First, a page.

Strategy games are a massively popular genre, and for good reason. The genre has a long history with the PC, with classic games like Command & Conquer and Starcraft dominating desktops for years. These games are addictive and challenging, not to mention the cognitive benefits you get from playing them. With clients like Steam and GOG making games more accessible than ever, we see a flood of new strategy games every year. But how do you sort the good from the bad? Any good strategy game is comprised of three simple elements.
Part of the appeal of strategy games is overcoming the immense odds in beating it. Just take a look at some of the best strategy games of all time. All of them are exceedingly difficult. A good example of this can be seen in the XCOM series, where players have to face increasingly difficult and aggressive alien races. The player must balance their resources and outwit their often-times more powerful and numerous enemies. Strategy games shouldn’t be a walk in the park. They should be true challenges that only a skilled and mindful player can beat.
One way strategy games up the difficulty level is by introducing a state of entropy in the game. Late in the game, the world may fall apart in various ways. Allies suddenly become enemies, resources are suddenly cut off, or some other means of chaos. Entropy is a great way to keep players on edge and force them to think outside the box to beat the game.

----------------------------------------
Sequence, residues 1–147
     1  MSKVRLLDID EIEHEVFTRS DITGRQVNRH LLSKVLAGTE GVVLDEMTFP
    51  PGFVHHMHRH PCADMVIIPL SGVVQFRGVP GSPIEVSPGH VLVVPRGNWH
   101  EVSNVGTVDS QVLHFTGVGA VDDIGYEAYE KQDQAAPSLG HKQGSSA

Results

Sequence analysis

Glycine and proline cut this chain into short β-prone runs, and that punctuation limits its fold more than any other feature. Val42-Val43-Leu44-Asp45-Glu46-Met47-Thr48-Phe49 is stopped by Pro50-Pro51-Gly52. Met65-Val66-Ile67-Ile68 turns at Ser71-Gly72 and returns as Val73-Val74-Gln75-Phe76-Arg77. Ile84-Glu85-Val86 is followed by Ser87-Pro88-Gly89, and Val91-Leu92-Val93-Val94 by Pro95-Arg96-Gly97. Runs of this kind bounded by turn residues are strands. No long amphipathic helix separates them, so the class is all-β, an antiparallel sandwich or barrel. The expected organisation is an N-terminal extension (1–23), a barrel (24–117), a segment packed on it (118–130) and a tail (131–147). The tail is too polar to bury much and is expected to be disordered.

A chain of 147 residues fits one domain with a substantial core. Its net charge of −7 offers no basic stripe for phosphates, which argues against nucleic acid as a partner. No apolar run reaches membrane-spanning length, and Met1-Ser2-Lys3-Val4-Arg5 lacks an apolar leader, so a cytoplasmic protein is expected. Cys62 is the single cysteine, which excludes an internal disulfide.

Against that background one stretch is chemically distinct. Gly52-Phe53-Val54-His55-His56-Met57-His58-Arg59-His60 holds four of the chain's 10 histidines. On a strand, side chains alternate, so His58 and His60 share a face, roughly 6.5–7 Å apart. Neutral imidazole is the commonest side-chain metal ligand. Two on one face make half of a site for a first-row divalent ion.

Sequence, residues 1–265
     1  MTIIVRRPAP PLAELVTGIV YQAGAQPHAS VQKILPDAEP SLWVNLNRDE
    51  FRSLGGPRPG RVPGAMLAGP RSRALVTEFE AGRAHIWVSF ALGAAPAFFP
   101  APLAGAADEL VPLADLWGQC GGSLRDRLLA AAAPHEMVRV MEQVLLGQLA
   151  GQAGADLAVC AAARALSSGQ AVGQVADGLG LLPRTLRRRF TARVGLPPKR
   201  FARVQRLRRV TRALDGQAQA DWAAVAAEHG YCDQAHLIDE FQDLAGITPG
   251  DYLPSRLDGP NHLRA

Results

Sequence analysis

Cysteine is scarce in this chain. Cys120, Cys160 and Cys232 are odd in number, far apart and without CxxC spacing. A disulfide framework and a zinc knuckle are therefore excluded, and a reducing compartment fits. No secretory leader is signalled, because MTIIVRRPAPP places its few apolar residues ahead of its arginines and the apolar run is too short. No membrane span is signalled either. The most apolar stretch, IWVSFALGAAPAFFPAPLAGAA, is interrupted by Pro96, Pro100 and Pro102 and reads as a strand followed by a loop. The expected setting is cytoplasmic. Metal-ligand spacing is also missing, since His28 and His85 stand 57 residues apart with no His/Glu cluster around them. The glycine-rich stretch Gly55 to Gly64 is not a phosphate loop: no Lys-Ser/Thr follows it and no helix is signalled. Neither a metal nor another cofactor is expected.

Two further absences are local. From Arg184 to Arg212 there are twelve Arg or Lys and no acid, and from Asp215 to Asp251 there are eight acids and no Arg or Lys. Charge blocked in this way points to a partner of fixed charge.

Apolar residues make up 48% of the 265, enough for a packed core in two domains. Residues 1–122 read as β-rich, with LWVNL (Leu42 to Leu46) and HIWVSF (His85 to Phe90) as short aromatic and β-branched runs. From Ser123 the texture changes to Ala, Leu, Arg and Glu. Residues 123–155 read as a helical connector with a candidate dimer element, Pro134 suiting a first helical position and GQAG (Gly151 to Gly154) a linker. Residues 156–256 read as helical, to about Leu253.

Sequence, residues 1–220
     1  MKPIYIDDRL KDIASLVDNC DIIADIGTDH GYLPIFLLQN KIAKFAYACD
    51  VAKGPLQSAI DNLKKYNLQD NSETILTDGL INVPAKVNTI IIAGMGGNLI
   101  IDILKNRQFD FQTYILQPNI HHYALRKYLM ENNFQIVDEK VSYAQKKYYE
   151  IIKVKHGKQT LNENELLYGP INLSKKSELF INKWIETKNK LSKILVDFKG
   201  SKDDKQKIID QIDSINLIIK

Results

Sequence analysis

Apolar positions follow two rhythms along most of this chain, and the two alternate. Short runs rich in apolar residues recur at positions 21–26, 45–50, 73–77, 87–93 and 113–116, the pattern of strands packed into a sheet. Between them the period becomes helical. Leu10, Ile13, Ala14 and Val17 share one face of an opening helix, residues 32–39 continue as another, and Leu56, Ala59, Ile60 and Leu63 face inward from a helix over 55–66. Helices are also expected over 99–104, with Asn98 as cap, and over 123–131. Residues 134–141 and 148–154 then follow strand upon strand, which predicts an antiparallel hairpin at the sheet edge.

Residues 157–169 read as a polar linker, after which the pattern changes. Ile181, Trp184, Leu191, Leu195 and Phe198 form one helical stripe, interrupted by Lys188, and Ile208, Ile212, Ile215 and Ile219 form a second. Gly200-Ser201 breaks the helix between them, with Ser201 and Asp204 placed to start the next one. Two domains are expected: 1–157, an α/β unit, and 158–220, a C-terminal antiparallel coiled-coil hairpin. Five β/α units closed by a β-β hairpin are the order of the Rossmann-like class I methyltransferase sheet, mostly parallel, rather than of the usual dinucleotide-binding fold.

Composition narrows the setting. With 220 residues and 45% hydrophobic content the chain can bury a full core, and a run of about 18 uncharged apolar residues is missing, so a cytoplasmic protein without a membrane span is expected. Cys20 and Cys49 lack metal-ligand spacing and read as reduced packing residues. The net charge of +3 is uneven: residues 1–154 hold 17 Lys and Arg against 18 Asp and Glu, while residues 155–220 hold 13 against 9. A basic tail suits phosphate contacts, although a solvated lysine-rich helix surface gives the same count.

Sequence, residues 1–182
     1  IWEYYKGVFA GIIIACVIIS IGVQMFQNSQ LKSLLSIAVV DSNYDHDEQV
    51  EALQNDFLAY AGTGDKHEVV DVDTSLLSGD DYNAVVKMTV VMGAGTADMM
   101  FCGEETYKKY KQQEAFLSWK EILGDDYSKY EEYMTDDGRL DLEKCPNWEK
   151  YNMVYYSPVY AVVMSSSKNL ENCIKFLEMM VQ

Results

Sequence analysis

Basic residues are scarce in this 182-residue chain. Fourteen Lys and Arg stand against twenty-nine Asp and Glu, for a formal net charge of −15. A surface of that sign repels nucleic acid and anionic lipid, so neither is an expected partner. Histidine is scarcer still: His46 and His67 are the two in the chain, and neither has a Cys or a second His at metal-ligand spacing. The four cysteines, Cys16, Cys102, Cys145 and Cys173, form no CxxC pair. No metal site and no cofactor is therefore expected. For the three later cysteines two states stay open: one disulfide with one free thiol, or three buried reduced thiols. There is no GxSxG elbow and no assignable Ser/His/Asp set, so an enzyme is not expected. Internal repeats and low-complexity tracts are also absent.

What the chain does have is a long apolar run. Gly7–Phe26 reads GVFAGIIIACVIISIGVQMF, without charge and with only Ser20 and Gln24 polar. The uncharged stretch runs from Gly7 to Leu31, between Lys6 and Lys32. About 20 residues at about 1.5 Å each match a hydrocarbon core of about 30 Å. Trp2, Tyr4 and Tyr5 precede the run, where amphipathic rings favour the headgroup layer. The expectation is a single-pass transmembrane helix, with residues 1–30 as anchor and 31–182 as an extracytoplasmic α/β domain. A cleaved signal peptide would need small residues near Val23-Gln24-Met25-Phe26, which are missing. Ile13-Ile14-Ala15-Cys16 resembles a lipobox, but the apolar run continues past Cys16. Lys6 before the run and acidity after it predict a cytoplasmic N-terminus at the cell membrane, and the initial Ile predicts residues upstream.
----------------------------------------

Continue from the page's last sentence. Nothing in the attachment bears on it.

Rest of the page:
An Engaging World
The player should be actively engaged in the world of the game. Giving players something overly simple is a good way to lose player interest. The world of any strategy game should be layered and complex, with multiple factions, competing interests, and a chance for failure. XCOM has the impending alien threat, human sympathizers to the extraterrestrials, limited resources, and a global council that vies for your time and energy. The Civilization franchise pits you against some of the greatest leaders in history, each with their own countries vying for your land, resources, and commerce. Creating a world that truly seems alive is paramount in making a good strategy game.
Strategy games require… well, strategy. Your game should be flexible allowing for multiple approaches and playstyles, but it should also adhere players to those styles. Someone who takes a middling approach should not be as or more successful than a player who has meticulously thought through their approach to the game. Chance should always be a factor, but a beatable one.
Indeed, strategy goes beyond strategy genre video games. You’d also need strategy playing Quick Hit slots for instance, a game total centered on overcoming the odds, is simple yet requires discipline. Players must establish clear win/loss limits and focus on betting low and winning high. Though it seems simple, only a player with self-control and a good amount of experience can see real success in quick slots. The same goes for casino staples like poker and roulette, while nobody can argue that even sports titles like FIFA have turned more strategy/RPG than action in their gameplay in recent years.
In the Civilization series, players must build cities around plenty of resources as well as make great strides in improving technology and research so they stay ahead of the curve with other nations. This strategy guarantees players will have a successful campaign, especially early on. XCOM, on the other hand, requires players to focus heavily on technology improvements, training a large pool of reliable soldiers, and gaining as much satellite coverage early on as possible.
The best strategy games out there have these three components. While they may seem obvious, they are often difficult concepts for developers to master. Once they do though, they can create an engaging and difficult title that will enthrall players for years to come.